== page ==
Natural gas forward basis markets were mixed last week, with most points shifting only a few cents despite some significant traction in Nymex futures.

The Nymex May contract jumped 17.3 cents from Monday to Thursday even as the U.S. Energy Information Administration once again reported a larger-than-expected 63 Bcf build to storage inventories.

At least one analyst said the rally in futures was likely just a stall in the inevitable sell-off ahead as the market would need to keep prices low in order to avoid a record build in storage stocks.

And while basis markets typically look to futures for direction, that wasn’t the case this week as the majority of market hubs barely moved.

One exception, however, was Transco zone 6-New York, where May basis climbed 14.3 cents between Monday and Thursday to reach minus 19 cents/MMBtu, according to NGI’s Forward Look.

The bulk of that increase occurred early in the week, when one of Exelon’s Nine Mile Point nuclear units shut down during the weekend and remained offline for a couple of days.

A Northeast trader said the nuclear outage, as well as plenty of short-covering in the market, was largely behind the rally in New York.

Also providing support to New York prices was colder weather on tap for next week.

A weather system is expected to move into the north-central U.S. early next week and will have numerous reinforcing cool blasts sweep across the northern U.S. through the rest of the month, according to forecasters with NatGasWeather.

The system will result in temperatures dropping several degrees below normal and driving moderate late season demand for heating over the Midwest and into the northeastern U.S. as lows drop into the upper 20s and 30s, the forecasters said.

Meanwhile, Genscape is projecting demand to rebound from this week’s lull as heating demand once again kicks in.

“New York demand has been resting between 2.62 and 2.87 Bcf/d, quite a difference from last week, where daily average temperatures ranged from 40-50 degrees,” said Genscape’s Erik Fabry, research analyst for natural gas. “We saw New York state demand boom over 4 Bcf/d twice last week, Wednesday and Thursday, when average temperatures were just 40 and 42 degrees, respectively.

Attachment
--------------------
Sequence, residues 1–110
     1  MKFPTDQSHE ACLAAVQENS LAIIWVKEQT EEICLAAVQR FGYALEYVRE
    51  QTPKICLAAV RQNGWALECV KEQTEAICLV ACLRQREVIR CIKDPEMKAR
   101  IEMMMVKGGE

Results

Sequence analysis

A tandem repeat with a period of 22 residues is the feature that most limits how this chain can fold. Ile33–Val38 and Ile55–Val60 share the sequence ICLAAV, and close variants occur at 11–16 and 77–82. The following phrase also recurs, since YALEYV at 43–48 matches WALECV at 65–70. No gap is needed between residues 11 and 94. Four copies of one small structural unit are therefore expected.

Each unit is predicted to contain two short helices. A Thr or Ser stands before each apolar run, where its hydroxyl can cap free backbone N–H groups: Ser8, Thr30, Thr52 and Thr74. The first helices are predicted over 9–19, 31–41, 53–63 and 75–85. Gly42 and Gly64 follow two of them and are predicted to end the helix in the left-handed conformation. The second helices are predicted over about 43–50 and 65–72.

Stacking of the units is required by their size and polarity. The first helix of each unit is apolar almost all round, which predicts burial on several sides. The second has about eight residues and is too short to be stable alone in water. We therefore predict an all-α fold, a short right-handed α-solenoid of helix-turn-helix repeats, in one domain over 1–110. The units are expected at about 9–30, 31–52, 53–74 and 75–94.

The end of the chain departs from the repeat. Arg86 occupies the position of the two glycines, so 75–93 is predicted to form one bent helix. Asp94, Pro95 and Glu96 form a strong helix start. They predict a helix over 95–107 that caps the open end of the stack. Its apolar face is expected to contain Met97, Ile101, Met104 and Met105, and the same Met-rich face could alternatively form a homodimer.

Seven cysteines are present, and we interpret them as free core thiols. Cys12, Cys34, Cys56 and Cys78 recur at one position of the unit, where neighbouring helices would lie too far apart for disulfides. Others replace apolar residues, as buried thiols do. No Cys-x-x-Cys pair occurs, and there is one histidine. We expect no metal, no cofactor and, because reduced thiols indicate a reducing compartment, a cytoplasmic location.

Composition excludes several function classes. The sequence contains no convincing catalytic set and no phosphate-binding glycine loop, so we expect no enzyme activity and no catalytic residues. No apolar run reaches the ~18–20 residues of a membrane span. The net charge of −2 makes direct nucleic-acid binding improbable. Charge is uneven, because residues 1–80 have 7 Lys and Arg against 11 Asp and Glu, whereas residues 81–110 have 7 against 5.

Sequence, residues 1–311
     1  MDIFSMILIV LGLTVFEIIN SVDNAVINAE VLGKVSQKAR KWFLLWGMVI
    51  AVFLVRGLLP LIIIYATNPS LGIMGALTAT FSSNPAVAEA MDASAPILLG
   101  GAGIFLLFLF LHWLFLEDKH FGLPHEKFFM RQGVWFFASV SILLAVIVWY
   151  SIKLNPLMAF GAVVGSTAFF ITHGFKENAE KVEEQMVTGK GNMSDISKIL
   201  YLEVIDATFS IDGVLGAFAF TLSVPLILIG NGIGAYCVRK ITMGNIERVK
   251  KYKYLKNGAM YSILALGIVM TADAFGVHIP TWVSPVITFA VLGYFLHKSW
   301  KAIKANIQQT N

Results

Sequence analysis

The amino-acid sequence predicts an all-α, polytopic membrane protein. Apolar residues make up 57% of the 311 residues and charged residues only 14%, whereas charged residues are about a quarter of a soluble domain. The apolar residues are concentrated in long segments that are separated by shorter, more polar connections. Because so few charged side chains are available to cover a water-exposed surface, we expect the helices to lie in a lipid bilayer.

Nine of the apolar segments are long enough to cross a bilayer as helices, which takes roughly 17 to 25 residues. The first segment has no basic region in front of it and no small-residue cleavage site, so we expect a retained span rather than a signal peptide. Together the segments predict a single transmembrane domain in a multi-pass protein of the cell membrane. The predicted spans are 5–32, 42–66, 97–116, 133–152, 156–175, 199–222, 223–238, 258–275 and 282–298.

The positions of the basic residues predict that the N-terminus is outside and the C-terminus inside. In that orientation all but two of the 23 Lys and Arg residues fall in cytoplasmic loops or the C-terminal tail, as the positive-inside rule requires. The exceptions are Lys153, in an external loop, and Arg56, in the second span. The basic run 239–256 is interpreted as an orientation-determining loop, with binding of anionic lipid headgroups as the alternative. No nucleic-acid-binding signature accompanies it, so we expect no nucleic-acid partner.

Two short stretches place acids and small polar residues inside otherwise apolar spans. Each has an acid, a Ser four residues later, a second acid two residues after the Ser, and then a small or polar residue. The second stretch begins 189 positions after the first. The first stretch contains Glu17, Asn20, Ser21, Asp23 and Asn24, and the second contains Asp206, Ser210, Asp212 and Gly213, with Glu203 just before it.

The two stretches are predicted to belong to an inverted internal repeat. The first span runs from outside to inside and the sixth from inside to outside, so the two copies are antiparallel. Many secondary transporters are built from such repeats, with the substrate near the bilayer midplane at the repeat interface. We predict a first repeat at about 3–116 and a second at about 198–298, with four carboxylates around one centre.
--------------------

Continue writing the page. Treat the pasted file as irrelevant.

Fabry said while last week’s activity should be a good precursor for the weeks to come, it does not look to be as severe as last week.

“The latter half of next week is expected to post average temperatures in the range of 47 to 55 degrees, according to Accuweather. If this holds true, I would expect New York demand to sit in around 3.2 Bcf/d,” Fabry said.

Heading into the last week of April, Fabry said early outlooks show temperatures could drop into the lower 40s overnight, which could result in New York demand moving up to 3.5 Bcf/d and encroaching on 3.6 Bcf/d if average temperatures hold in the mid 40s.

NatGasWeather, however, indicated the potential for sustained strong demand was unlikely as sub-freezing temperatures would likely be necessary to drive heating demand or much hotter weather would need to take hold across more of the South to drive cooling demand.

Indeed, the trader said the current rally taking hold of New York likely won’t last.

“It should be done soon. Things are more bearish than bullish,” the trader said.

Forward prices across the rest of the New York illustrated this sentiment as Transco zone 6-New York June basis moved up just 6.6 cents between Monday and Thursday to reach minus 26.7 cents/MMBtu, while the balance of summer (June-October) tacked on 6.5 cents to hit minus 51 cents/MMBtu.

Elsewhere in the region, Dominion and TCO both announced weekly net injections for the storage week ending April 10, marking the first injections since late October, according to Bentek Energy.

With current storage levels sitting more than 30 Bcf below the five-year average, robust regional production and attractive prices should incentivize storage players to store their gas now.

The balance-of-summer strip at Dominion is currently trading at 52-cent discount to the winter 2015-2016 strip, NGI Forward Look prices show. At TCO, the balance of summer is about 35 cents below the prompt-winter package.

Meanwhile, over in the West, prices in Washington state remained somewhat supported by ongoing concerns about hydro conditions.

While most West market hubs softened by a few cents on the week, Northwest Pipeline-Sumas May basis picked up 3.3 cents to reach minus 39.4 cents/MMBtu. June basis inched up 1.3 cents to minus 37.5 cents/MMBtu, while the balance of summer barely added 1 cent to hit minus 37 cents/MMBtu.

Solar generation, which recently hit a new peak this month, has helped to keep prices down in California. Pacific Gas & Electric citygates and Southern California Border prompt-month prices fell between 1 and 2 cents this week.